Recent anti-LGBTQ battles taking toll on queer youth

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A poll by The Trevor Project released Thursday found that LGBTQ youth are being affected by the debates and laws that have been proposed or passed in many states.

The poll, conducted by Morning Consult between October 23 and November 2, 2022, among a national sample of 716 LGBTQ youth ages 13–24, also assessed emotional responses to these anti-LGBTQ policies, as well as which other social issues often give LGBTQ youth stress and anxiety. The full analysis can be found here.

The Trevor Project said in just the first three weeks of 2023, more than 150 anti-LGBTQ bills have been pre-filed or introduced across 23 states.

“Right now, we are witnessing the highest number on record of anti-LGBTQ bills introduced this early in any legislative session. We must consider the negative toll of these ugly public debates on youth mental health and well-being. LGBTQ young people are watching, and internalizing the anti-LGBTQ messages they see in the media and from their elected officials. And so are those that would do our community harm,” said Kasey Suffredini, the Project’s vice president of advocacy and government affairs.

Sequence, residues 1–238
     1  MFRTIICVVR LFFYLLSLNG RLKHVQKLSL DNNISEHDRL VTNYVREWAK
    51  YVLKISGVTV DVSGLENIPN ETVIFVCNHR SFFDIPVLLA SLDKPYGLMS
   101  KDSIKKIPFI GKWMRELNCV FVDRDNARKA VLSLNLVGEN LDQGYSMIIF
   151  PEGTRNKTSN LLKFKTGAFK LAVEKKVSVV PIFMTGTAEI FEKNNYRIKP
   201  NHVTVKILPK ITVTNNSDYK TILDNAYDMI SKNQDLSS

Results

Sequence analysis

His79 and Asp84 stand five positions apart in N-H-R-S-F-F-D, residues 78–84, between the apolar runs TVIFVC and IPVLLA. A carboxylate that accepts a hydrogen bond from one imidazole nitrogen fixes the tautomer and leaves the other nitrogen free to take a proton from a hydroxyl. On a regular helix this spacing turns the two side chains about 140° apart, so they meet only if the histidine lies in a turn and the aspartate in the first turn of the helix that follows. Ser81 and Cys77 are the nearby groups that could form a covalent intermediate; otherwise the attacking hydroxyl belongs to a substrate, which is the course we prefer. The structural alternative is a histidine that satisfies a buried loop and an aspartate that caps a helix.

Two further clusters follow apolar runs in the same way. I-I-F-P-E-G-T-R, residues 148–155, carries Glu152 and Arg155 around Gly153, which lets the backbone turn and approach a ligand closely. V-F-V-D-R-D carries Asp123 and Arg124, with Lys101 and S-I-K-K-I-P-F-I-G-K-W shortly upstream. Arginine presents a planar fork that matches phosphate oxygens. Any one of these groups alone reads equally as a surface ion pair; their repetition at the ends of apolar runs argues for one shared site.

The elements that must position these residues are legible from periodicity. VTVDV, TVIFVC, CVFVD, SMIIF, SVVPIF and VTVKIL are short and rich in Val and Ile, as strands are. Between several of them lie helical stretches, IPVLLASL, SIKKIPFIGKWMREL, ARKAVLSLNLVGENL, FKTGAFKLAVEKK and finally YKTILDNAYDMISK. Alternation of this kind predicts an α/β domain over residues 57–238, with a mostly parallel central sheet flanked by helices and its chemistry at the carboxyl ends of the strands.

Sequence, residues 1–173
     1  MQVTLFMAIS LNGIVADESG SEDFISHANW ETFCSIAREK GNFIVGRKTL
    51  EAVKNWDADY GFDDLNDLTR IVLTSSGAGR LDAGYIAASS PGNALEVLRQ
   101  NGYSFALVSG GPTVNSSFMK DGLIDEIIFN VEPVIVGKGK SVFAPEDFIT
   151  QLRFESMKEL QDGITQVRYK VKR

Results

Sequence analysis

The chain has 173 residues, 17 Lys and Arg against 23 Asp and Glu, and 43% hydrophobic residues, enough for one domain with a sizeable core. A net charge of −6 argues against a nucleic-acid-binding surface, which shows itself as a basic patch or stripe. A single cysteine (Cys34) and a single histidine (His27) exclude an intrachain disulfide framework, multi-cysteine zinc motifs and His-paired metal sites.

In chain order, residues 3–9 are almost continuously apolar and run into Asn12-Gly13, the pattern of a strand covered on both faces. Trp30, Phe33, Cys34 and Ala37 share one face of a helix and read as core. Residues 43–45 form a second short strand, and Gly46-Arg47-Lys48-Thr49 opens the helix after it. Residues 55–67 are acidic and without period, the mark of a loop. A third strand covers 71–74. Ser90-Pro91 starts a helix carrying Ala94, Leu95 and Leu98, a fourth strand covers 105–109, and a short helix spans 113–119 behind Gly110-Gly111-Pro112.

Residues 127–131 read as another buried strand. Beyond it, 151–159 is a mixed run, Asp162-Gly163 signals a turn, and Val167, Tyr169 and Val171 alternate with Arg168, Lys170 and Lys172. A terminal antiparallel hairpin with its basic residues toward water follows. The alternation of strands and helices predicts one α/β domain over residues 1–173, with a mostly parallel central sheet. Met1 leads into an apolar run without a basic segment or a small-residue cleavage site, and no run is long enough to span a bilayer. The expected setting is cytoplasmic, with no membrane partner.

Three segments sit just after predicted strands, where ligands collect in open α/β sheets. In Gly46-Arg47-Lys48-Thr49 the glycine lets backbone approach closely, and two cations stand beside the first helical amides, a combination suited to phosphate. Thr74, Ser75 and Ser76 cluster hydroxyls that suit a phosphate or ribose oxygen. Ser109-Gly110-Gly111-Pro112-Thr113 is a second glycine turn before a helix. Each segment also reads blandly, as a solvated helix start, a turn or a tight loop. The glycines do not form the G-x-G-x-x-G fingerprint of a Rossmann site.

Some of the key findings include:

  • 86% of transgender and nonbinary youth say recent debates about state laws restricting the rights of transgender people have negatively impacted their mental health. A majority of those trans youth (55%) said it impacted their mental health “very negatively.”
  • 71% of LGBTQ youth — including 86% of trans and nonbinary youth — say state laws restricting the rights of LGBTQ young people have negatively impacted their mental health.
  • 75% of LGBTQ youth — including 82% of transgender and nonbinary youth — say that threats of violence against LGBTQ spaces, such as community centers, pride events, drag shows, or hospitals/clinics that serve transgender people, often give them stress or anxiety. Nearly half (48%) of those LGBTQ youth reported it gives them stress or anxiety “very often.”

Many youth have experienced direct harm such as cyberbullying or online harassment (45%); stopped speaking to a family member or relative (42%); didn’t feel safe going to the doctor or hospital when I was sick or injured (29%); a friend stopped speaking to them (29%); bullying at school (24%); their school removed Pride flags or other LGBTQ-friendly symbols (15%); and physical assault (10%).

Among all LGBTQ youth, 1 in 3 reported cyberbullying or online harassment, 1 in 4 reported that they stopped speaking to a family member or relative, and 1 in 5 reported bullying.

Transgender youth have been particularly targeted with policies and bills banning gender-affirming care of youth, even with parental permission, or banning trans youth from school sports teams.

The battles in schools over materials, which is taking place in Illinois, are also taking a toll. More than halff of LGBTQ youth, including 71% of transgender and nonbinary youth, feel angry about new policies that ban teachers from discussing LGBTQ topics in the classroom. Among trans youth, 59% feel sad and 41% feel stressed. The numbers are even higher with book bans in school libraries.